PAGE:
“The Contemporary Arab System: Reading Reality and Exploring the Future” examines the implications of American policy in the Arab region

publisher: العلم

Publishing date: 2009-12-11



At this difficult stage in the lives of Arabs, suffering increases and oppression intensifies. Hopes are crushed, bonds are broken, freedom is imprisoned, wealth is looted, rights are lost, lands are attacked, and people are dispersed by unjust enemies. The boundaries between wrong and right, justice and injustice, dignity and humiliation, sovereignty and aggression have been blurred. In the vast region from Mashreq to Morocco, citizens wonder where this nation is headed. What is its fate? Is it an inescapable destiny for the Arab nation to remain caught between a glorious history and a humiliating present?

Is tyranny and injustice an inevitable fate? Can the Arab nation, as a collective or as individual peoples, continue to accept the prevailing conditions where the doors of hope are shut tight under external and internal domination? In this dark chapter of our history, many have forsaken their nation for the unknown, entering a world of uncertainty and collaborating with the enemy, surrendering the truth, relinquishing their land, and accepting foreign domination. Therefore, it is the right and duty of every Arab to ask: When will this ordeal come to an end? And how?

Abdel Halim Khaddam, in his book “The Arab System: Contemporary Reading of Reality and Exploration of the Future” (Arab Cultural Center, Casablanca Beirut, First Edition 2003), opens with these poignant and critical words. The book aims to address these questions, studying and analyzing the reasons behind the experiences, facts, and events that the Arab nation has endured during this era. Its purpose is to extract valuable insights that can benefit future generations as they navigate their path forward.

The author examines the role of Arabs within the strategies of the two superpowers and, consequently, the strategies of the conflicting blocs in the post-Soviet international system. The goal is to identify strengths and weaknesses, and to determine the path towards building a new Arab system, particularly in light of the current global instability, lack of justice, and insecurity.

Prior to World War II, the focus on the Arab world was primarily on four Western countries: Britain, France, Italy, and Germany. The Soviet Union also aspired to establish relevance in the region, ultimately achieving access to warm waters—an enduring dream of the Russian tsars. Following World War II, the United States assumed a leadership position in the Western world against the Soviet Union. With the growth of American oil interests in Iran and the Gulf, the Arab world gained significant importance in the United States’ strategy.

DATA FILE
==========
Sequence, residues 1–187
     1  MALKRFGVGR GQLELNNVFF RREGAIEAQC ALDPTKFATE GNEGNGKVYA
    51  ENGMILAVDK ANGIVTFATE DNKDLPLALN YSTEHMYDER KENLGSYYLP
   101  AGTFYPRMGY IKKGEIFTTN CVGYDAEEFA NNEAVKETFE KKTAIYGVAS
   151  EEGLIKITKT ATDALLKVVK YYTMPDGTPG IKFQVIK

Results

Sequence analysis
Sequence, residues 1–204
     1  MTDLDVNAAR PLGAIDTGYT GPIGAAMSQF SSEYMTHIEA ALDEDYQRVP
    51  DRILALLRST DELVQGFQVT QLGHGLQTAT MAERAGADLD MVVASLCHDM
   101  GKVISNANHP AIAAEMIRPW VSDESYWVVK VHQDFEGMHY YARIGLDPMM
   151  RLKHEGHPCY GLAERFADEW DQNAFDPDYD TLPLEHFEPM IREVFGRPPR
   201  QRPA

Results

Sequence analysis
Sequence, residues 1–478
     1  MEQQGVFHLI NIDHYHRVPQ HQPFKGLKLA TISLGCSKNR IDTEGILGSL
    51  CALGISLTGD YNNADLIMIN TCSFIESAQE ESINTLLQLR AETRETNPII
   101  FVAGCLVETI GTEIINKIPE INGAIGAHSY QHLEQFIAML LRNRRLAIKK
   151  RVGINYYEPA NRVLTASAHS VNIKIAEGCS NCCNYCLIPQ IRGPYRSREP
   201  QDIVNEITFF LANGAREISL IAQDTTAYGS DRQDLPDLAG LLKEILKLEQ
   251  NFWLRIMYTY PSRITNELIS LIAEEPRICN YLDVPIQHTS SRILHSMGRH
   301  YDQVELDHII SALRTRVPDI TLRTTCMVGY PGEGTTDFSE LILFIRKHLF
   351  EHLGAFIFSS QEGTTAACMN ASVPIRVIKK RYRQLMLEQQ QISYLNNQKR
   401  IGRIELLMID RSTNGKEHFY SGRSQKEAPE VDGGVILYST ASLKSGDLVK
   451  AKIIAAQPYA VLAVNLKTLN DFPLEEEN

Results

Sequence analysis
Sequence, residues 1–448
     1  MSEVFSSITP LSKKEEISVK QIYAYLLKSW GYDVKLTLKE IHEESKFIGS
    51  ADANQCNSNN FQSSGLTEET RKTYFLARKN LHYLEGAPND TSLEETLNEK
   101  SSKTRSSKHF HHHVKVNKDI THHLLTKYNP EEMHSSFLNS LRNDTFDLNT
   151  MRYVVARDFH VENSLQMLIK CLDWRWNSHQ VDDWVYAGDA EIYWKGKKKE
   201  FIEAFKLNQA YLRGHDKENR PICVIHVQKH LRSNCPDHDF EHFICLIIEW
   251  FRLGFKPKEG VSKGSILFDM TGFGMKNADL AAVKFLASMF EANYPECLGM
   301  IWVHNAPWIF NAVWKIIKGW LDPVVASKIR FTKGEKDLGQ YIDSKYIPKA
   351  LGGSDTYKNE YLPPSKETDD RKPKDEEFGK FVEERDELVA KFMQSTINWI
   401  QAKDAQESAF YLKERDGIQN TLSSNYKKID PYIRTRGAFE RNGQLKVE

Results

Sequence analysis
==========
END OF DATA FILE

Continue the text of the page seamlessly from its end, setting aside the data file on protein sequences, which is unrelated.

Initially, the United States did not emerge as a competitor to its European partners, France and Britain, until a later stage when the two states, along with Israel, attacked Egypt in 1956. The call for Arab unity and the establishment of a new Arab system, which aimed to unify Arabs, harness their energies, and direct them towards serving their interests, became a genuine concern for the Maghreb countries.

In this context, the author emphasizes that Arab awareness of their identity and historical responsibilities places them in a position where they must strive for self-determination and regain control and sovereignty over their countries and resources. By doing so, they can become equal partners, both in rights and responsibilities, in shaping the world’s future. Consequently, efforts have been made since the beginning of this century to exploit national sentiments by sowing discord among Arabs and fostering fear and suspicion among them.

It is easier for foreign powers to deal with a divided country and weak, conflicting governments than with a unified country and a strong political system. Weak entities are more easily manipulated and influenced. The conflict in the region has evolved from a struggle against colonialism and foreign influence to a confrontation between different factions within the same forces. This shift has paved the way for foreign interests to infiltrate both sides, exacerbating contradictions and serving the strategic objectives of the United States.

The American strategy towards the Arabs

The American strategy towards the Arabs has undoubtedly encouraged those who perceive a unified approach as a threat to their interests. The author outlines the implications of American policy in the region during the 1990s as follows: